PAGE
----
Great Lakes Of Africa ~ From Problems To Solutions
“People are the problem, People are the solution” the keynote speaker’s concluding words at the first Great Lakes of Africa Conference held in Uganda in May 2017, generated a flurry of nods and agreements. Entebbe hosted over three hundred delegates at the shores of Lake Victoria, to discuss sustainable solutions for the pressing problems of the African Great Lakes. Spanning across 11 countries (Burundi, Democratic Republic of Congo, Ethiopia, Kenya, Malawi, Mozambique, Rwanda, South Sudan, Tanzania, Uganda, and Zambia), the African Great Lakes region is large and indispensable as it provides livelihoods to millions. It was interesting to see a variety of stakeholders, including government leaders, regional and basin authorities, inter-governmental organizations, development and funding agencies, non-governmental organizations, community groups and the private sector come together to discuss challenges and solutions for this special region. Presentations made by delegates resounded the problems of pollution, over extraction of natural resources, pressure on natural resources, changes in land use and need for further research in many areas. For me, it echoed some of my thoughts on what I have observed in the Lake Chilwa Basin in southern Malawi. Lake Chilwa, although a smaller lake compared to the giants such as Lake Victoria and Lake Tanganyika, is very important for the millions that live in its basin. And indeed, I have also seen in the Lake Chilwa Basin that people are the cause of its problems and certainly, they are the solution too.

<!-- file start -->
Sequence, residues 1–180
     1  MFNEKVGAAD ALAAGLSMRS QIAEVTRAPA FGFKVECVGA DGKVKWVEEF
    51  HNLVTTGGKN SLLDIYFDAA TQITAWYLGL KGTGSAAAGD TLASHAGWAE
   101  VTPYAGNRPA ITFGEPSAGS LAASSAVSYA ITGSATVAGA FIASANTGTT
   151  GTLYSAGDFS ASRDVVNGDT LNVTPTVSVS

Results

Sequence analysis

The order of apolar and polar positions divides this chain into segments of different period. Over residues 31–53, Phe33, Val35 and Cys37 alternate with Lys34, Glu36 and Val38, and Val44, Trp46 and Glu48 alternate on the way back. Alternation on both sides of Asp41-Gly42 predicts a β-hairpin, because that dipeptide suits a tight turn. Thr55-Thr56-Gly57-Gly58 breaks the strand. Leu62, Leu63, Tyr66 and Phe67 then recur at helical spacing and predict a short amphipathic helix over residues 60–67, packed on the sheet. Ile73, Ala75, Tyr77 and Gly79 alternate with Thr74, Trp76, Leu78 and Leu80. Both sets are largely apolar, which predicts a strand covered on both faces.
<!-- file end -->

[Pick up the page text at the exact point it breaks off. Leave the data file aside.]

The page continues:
Why people are the problem comes to light when one looks at anthropogenic causes of Lake Basin changes. They include watershed deforestation causing sedimentation in lakes, over abstraction of water for irrigation leading to lowered water levels of lakes, poor solid and sewage waste management leading to eutrophication, use of toxic chemical for agriculture in lake basins and competing land uses leading to reduced land for conservation. Several examples were presented including the case of Kenya’s Lake Turkana which is renowned as the world’s largest desert lake. Hydropower development and large-scale irrigation plantations have depleted river inflow into the lake. As a result, the lake level has already fallen two metres, and the local fishing industry has taken a toll. It was chilling to hear at the conference that this lake has been likened to “an African Aral Sea in the making”. Nearby, at Lake Victoria, which employs over 1 million people, over the years, impacts of eutrophication and climate change, are threatening its critical ecosystem services. While, Lake Tanganyika has experienced various ecological changes including lake warming and heavy pressure on various fisheries resources. Lake Malawi is also no exception, where degraded habitats, declining fish stocks and agriculture runoff into the lake all threaten livelihoods of those depending on this lake. Almost all presenters accepted that rapid population growth in the region puts tremendous pressure on the natural resources in the ecosystems. Some called for an integrated approach, where women’s needs especially that of family planning should be considered and population numbers managed.